"Hitch and I both considered that Peter would be excellent as the 'Hit Man' of
the gang in the situation Hitch had envisaged." They "admired him and jumped at
the chance to get him and to do him a good turn at the same time, but the
production company needed a certain amount of persuading."
Sidney Bernstein – impresario, showman, exhibitor, theater owner,
builder of supercinemas and founding member of the National Film Society
– undoubtedly put in a good word. Along with Ivor Montagu and Otto Katz,
he belonged to the Committee for the Victims of German Fascism, which had
initiated the "Reichstag Fire Trial of l933." Bernstein also played an equally
active role on a private level, supporting a public boycott of German goods,
coauthoring a pamphlet titled The Persecution of the Jews in Germany,
boosting membership of the Committee for Co-ordinating Anti-Fascist Activity and
extending a helping hand to needy refugees.
An acquaintance from the Berlin days, Bernstein invited Lorre to stay first
at his flat on Albermarle Street, where the actor bumped into intellectual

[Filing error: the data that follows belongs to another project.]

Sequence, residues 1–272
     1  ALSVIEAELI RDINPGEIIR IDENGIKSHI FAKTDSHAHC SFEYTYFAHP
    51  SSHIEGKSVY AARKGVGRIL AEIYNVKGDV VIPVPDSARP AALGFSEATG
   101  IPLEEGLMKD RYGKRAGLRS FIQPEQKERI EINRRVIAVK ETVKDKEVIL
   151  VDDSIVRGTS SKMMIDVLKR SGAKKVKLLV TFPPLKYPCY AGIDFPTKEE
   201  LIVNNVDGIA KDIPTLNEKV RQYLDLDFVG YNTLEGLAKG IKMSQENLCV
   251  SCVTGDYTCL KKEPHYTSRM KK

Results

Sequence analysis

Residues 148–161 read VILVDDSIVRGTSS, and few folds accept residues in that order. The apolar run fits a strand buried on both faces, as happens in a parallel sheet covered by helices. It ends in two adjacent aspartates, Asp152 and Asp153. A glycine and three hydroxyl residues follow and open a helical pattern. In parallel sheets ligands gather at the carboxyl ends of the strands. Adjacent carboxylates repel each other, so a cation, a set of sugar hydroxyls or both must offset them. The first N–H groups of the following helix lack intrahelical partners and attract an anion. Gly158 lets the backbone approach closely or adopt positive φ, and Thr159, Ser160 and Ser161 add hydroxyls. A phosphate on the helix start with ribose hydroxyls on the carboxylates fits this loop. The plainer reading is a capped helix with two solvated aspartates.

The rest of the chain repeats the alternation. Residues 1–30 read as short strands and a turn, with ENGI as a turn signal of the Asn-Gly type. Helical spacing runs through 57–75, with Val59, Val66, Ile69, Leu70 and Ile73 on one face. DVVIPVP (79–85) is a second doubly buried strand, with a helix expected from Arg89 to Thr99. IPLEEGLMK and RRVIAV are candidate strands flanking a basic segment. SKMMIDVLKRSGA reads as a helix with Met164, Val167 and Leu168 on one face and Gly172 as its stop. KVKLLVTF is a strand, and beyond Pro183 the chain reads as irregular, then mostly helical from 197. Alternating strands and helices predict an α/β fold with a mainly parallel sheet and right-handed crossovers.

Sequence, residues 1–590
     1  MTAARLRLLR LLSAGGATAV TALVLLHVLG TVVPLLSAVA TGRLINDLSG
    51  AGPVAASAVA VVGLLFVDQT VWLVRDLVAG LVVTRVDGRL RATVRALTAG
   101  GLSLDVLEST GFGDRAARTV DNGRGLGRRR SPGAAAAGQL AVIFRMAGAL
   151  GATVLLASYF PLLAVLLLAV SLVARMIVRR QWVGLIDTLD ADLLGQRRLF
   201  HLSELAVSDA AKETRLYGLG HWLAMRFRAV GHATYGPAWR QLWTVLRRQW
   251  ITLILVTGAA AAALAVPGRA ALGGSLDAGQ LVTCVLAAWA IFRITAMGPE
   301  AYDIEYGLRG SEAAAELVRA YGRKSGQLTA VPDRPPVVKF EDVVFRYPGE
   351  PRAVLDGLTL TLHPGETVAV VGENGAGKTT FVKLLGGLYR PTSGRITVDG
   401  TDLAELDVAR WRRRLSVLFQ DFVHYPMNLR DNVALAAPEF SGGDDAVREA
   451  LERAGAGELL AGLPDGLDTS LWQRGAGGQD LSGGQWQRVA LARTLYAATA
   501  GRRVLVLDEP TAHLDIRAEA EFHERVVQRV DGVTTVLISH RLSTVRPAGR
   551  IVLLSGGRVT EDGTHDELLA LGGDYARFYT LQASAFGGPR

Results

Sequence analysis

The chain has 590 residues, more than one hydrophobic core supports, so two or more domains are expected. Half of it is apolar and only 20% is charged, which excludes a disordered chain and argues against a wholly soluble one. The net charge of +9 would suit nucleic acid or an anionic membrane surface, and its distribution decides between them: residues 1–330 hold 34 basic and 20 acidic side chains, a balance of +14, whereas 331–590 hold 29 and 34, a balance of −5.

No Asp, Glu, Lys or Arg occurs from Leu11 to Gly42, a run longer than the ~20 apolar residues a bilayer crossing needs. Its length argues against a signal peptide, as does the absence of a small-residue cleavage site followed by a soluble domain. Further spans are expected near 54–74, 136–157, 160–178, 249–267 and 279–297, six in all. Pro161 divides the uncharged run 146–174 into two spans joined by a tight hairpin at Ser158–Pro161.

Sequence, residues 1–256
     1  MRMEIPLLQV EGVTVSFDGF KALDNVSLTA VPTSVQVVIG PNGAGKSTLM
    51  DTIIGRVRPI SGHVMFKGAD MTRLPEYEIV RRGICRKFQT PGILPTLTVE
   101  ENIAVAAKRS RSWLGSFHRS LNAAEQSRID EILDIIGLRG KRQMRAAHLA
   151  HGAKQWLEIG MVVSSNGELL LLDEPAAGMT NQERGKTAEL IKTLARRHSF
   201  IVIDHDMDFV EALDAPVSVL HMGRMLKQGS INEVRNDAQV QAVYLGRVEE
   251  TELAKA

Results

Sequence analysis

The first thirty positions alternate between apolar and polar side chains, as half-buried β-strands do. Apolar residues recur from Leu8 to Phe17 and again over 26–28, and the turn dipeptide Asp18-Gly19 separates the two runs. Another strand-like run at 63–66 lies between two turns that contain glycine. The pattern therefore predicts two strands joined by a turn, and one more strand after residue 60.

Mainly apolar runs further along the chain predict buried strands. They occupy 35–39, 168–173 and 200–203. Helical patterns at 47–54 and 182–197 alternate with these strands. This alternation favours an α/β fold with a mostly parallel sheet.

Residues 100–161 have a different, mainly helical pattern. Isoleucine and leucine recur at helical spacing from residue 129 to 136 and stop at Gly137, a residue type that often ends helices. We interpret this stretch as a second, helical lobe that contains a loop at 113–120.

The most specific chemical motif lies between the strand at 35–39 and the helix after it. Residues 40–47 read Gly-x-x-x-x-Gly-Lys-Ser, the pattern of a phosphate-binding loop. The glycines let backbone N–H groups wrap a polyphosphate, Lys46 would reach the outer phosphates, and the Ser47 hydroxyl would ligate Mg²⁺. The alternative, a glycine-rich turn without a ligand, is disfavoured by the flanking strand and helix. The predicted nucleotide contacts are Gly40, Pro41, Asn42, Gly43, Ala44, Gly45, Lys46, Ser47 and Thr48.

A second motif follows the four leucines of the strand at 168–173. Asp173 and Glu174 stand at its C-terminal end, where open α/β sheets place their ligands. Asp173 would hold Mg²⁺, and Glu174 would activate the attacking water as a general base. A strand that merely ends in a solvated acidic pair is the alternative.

luminaries and film celebrities – including Charles Laughton – and
then at Long Barn, a Tudor house in Sevenoaks Weald, featuring low ceilings,
sloping dark oak floors, exposed beams and leaded windows, which he had leased
from Vita Sackeville-West.
"Peter told me that he was deeply embarrassed," recalled Paul Falkenberg,
"because he had never been in England before. He was lying in this beautiful bed
and he had only one pair of underwear and in comes the butler and opens the
curtains and says, 'Good morning, sir, would you like your tea,' and so on.
It was a totally new world that opened to him."
German refugee Paul E. Marcus (PEM), who now published a newsletter in
London recording the activities of fellow exiles, also remembered hearing Lorre
dress up the story of his arrival in London
with a single suit on his body and dress coat in his suitcase . . . Every